I’m somewhere between mile 18 and 19 and I can’t take the pain anymore. There is a blister on my toe. I know it! Why did I wrap my toe? Mom said it would end up hurting and being uncomfortable but I didn’t listen and now the bandaid is rubbing and hurting more and more with each step. So, I stop to release my toe and replace my socks with clean ones I brought with me.
As I pulled my sock off I saw them! So many blisters! All over my foot and I immediately regretted this choice. Why did I stop? This is a horrible decision! But, there was no turning back from it so, I took off the bandaid and changed my socks (the other foot was just as bad). Each new step in my new socks felt worse than the old and then it happened! A piercing pain from toe; the blister popped. Reassuring myself the pain would subside I was relieved I had on clean socks.
Then the doubt set in… I began to question why was I doing this and alone? My running club is doing two of these things (marathons that is) locally and I could have done it with them! Why did I do this one? ALONE?!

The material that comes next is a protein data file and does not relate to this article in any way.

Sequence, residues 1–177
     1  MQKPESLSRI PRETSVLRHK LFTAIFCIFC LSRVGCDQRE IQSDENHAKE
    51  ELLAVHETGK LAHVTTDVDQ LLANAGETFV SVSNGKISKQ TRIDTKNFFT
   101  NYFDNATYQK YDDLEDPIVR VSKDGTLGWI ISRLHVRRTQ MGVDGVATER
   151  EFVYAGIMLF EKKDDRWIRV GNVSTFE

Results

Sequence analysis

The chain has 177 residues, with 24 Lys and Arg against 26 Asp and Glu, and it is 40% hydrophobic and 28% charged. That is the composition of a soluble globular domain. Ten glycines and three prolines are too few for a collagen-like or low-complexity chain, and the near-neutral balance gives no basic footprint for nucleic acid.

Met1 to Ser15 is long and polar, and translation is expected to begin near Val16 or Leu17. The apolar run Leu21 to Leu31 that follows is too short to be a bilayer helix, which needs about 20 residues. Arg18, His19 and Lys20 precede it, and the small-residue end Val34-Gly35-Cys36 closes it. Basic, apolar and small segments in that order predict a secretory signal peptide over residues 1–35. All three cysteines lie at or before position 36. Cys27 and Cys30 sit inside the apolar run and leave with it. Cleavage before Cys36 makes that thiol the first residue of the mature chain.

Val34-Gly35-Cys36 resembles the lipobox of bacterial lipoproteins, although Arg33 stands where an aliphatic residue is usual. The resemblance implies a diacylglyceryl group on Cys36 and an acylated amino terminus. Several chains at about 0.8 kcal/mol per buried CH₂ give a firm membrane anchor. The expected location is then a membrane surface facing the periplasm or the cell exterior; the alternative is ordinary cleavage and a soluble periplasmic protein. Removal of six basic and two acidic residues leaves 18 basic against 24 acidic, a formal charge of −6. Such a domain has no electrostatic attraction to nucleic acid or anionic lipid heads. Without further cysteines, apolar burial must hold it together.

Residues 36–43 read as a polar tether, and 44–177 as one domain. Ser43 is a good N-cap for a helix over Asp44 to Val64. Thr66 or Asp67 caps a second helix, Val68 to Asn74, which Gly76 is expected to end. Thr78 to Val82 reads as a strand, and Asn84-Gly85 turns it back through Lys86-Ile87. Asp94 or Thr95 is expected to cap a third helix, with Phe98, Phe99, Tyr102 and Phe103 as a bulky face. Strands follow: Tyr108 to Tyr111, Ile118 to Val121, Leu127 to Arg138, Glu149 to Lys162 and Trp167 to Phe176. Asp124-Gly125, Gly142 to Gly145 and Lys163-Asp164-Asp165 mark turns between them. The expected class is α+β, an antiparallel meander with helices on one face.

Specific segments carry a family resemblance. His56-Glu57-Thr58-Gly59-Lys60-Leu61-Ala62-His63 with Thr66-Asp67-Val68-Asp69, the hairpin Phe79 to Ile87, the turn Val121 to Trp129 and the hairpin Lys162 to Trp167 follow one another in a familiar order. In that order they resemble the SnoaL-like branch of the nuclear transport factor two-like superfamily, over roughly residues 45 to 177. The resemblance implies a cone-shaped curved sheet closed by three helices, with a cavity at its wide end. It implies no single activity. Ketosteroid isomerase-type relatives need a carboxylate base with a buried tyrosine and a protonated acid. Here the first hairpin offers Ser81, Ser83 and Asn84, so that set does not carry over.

Ahh… mile 20.. Only mile 20! I reached for my phone and shot my mom a text to tell her where I was and how much my feet hurt and that I was run/walking the rest of the way. What I saw though was Facebook alerts and lots of them. All with words of encouragement. It was in that moment that I reminded myself I wasn’t alone. Hello? I’m texting my mom who was at the finish line!
I thought back on what my running club did the day before. How one by one they changed their profile pictures of me with them. My sister who made multiple memes to keep me laughing. My family and friends near and far waiting anxiously for updates. That is NOT alone. Sure, I was actually on the race course alone but not in spirit. The miles drag on and you have to dig deep and that is what I did and I did it knowing my support system was there. They were cheering me on to the finish line from hundreds and thousands of miles away.
As I came to the finish I saw my boys and my mom with big smiles and I couldn’t help but smile, too. No, definitely not alone. They ran to me with big hugs that almost knocked me over on my weak legs and I was over come with joy and peace.
You see, this military life often leaves us feeling alone like the many miles of a marathon but we aren’t. If in those times of self doubt we look closely we will see it and be comforted by it like my Facebook notifications and my ability to text my waiting mother.
With words of encouragement and support we all can get to whatever finish line the military tells us to cross.